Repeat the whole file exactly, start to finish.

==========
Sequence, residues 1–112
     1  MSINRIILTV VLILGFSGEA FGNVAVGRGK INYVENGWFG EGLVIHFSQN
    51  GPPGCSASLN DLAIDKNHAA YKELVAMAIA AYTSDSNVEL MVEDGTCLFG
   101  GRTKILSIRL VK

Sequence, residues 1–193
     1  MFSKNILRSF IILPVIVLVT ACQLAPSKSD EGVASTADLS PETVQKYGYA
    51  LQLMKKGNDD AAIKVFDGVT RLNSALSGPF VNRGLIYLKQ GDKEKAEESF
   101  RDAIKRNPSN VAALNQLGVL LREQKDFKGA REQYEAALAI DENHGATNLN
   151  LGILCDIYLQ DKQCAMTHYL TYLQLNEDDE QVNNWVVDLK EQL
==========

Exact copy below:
Sequence, residues 1–112
     1  MSINRIILTV VLILGFSGEA FGNVAVGRGK INYVENGWFG EGLVIHFSQN
    51  GPPGCSASLN DLAIDKNHAA YKELVAMAIA AYTSDSNVEL MVEDGTCLFG
   101  GRTKILSIRL VK

Sequence, residues 1–193
     1  MFSKNILRSF IILPVIVLVT ACQLAPSKSD EGVASTADLS PETVQKYGYA
    51  LQLMKKGNDD AAIKVFDGVT RLNSALSGPF VNRGLIYLKQ GDKEKAEESF
   101  RDAIKRNPSN VAALNQLGVL LREQKDFKGA REQYEAALAI DENHGATNLN
   151  LGILCDIYLQ DKQCAMTHYL TYLQLNEDDE QVNNWVVDLK EQL